nationwide interception of Facebook & webmail login credentials in Tunisia

Ian Batten igb at
Tue Jan 25 20:24:58 GMT 2011

On 25 Jan 2011, at 16:18, Passive PROFITS wrote:

> That would not deal with the falsifying of certificates.  Assuming the code-base of this is not intentional corrupt, the addition of an extension such as certpatrol is also required (a firefox extension), to notify one when the SSL cert swap by the government/ISP (using the browser accepted as 'true' passported C.A.(s) under their control) has taken place (a MiTM is in progress notification function).  The other known way would be manual/local (each time) inspection of the cert fingerprint(s).  e.g. you note Facebook's fingerprint then check each time it's got the same 'print.  Then (once under notice the hack is under progress) you could retreat, or start playing your own pre-planned counter-measures ... depending on the peril of the situation, tactics, etc, call the government, depending on the nature of your business, etc.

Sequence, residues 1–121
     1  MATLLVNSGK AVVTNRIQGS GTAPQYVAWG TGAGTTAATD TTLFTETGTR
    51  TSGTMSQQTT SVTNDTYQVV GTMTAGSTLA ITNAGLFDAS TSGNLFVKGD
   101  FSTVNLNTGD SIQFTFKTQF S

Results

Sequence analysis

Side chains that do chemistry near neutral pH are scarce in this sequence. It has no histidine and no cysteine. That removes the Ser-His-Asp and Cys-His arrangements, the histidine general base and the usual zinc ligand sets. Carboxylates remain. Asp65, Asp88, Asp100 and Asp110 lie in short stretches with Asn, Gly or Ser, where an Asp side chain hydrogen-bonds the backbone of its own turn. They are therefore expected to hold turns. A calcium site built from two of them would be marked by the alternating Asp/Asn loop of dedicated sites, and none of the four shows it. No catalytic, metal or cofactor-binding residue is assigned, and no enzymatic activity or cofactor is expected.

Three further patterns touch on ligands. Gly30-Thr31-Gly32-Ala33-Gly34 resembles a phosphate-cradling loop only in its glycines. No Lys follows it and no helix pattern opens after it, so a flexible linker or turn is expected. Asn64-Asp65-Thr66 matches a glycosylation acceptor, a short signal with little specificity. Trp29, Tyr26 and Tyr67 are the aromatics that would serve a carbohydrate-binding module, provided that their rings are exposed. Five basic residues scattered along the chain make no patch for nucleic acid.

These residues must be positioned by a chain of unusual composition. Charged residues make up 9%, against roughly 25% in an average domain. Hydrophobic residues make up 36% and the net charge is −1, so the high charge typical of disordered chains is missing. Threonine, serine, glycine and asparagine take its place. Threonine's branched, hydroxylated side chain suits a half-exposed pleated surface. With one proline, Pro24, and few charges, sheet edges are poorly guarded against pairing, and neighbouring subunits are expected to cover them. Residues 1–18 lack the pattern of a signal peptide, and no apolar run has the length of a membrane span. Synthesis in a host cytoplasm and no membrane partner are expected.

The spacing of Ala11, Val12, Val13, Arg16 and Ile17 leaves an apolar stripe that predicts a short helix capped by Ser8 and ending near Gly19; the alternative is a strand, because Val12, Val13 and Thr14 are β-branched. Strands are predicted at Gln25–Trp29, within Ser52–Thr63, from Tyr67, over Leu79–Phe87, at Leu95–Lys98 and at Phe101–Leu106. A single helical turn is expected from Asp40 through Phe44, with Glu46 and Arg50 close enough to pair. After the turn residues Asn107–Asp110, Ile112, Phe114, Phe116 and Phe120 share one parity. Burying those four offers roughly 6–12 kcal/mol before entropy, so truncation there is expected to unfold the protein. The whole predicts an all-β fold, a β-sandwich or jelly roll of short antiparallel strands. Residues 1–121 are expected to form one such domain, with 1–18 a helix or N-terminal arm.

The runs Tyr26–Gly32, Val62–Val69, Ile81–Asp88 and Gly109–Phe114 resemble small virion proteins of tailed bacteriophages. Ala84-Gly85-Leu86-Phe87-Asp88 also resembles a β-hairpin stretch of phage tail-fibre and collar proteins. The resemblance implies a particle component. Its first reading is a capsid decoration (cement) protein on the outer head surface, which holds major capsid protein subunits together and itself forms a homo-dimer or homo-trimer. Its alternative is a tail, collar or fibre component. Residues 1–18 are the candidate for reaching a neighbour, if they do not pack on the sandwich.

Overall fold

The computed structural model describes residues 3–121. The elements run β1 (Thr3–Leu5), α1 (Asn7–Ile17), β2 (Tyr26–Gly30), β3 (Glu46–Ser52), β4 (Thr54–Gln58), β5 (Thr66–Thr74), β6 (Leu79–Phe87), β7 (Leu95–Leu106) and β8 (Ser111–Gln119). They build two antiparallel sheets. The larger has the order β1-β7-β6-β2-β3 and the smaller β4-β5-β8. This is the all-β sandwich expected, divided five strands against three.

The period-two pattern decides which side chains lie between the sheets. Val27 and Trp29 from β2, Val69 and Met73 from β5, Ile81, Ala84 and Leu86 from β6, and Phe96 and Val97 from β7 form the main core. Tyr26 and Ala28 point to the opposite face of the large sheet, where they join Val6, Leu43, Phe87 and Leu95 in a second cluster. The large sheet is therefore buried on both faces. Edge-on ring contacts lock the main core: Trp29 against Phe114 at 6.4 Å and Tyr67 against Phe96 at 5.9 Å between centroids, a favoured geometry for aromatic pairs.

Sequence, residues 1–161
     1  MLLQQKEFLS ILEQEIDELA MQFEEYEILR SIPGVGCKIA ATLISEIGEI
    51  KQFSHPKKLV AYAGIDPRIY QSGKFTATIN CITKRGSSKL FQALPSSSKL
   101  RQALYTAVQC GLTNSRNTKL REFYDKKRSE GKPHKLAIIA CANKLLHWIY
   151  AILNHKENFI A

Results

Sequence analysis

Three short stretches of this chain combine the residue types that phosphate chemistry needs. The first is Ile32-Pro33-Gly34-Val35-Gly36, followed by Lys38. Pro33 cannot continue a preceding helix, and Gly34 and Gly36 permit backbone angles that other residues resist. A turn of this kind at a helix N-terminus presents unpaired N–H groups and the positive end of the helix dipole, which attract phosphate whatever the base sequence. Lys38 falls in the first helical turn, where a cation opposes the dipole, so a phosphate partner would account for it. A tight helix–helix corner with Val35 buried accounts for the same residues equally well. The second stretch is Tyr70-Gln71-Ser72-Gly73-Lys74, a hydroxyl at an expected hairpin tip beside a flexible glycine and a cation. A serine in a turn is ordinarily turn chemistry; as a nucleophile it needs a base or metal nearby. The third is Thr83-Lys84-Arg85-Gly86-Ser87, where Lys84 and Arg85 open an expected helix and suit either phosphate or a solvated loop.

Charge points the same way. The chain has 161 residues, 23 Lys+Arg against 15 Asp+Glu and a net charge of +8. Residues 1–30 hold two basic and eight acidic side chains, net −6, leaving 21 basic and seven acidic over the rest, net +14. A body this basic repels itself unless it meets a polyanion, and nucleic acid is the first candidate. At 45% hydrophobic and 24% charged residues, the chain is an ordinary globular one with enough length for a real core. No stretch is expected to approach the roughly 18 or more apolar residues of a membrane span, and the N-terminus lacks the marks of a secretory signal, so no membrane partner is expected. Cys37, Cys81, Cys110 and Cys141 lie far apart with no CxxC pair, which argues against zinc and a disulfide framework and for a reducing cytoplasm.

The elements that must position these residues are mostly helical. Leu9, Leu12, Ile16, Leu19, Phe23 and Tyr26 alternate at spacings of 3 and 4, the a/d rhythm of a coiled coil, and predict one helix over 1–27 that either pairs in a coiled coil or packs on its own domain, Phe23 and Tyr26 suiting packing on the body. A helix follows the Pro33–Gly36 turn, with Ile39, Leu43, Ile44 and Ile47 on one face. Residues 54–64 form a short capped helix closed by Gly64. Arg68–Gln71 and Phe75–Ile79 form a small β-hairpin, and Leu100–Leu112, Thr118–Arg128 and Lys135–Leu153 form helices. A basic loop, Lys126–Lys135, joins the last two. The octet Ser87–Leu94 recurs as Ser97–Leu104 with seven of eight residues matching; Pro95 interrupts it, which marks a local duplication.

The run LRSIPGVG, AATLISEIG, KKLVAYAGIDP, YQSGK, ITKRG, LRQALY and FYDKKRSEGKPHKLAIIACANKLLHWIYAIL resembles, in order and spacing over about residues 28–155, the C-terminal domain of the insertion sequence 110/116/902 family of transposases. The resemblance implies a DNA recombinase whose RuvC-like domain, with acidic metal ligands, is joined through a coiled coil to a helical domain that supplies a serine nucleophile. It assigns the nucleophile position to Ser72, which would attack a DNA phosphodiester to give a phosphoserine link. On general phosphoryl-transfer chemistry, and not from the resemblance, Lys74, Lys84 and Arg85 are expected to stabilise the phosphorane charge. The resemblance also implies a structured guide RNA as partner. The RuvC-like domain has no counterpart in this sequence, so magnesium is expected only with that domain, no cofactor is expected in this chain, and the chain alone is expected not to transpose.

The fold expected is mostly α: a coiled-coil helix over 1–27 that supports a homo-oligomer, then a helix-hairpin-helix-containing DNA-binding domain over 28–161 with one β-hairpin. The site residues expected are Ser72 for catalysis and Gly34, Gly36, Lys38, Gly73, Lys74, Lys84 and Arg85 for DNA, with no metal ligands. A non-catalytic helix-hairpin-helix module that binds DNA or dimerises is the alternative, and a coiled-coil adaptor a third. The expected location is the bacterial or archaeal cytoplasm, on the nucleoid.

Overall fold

There's been some recent, if un-startling, discussion of this:

I suspect that once you have more than a handful of CAs, it's for practical purposes impossible to get any meaningful assurance that they are all legitimate.   If CAs delegate their authority, it's difficult to even know that certificates whose chain of trust goes back to a CA you trust was actually issued by that CA.  And for as long as any CA can issue a certificate in any name, any domain can be subverted by any one of the CAs.  

Which means that certificates are as weak as the weakest CA you trust, unless that CA in turn trusts a yet weaker CA.

I've not looked at this in detail (perhaps I should) but I think it's possible in most browsers to trust _no_ CAs and yet trust individual certificates, which might have the required semantics: when a certificate is encountered, you check it (by whatever out of band mechanism you deem appropriate) and then add it to your certificate store, but you do not add its certifying keys.


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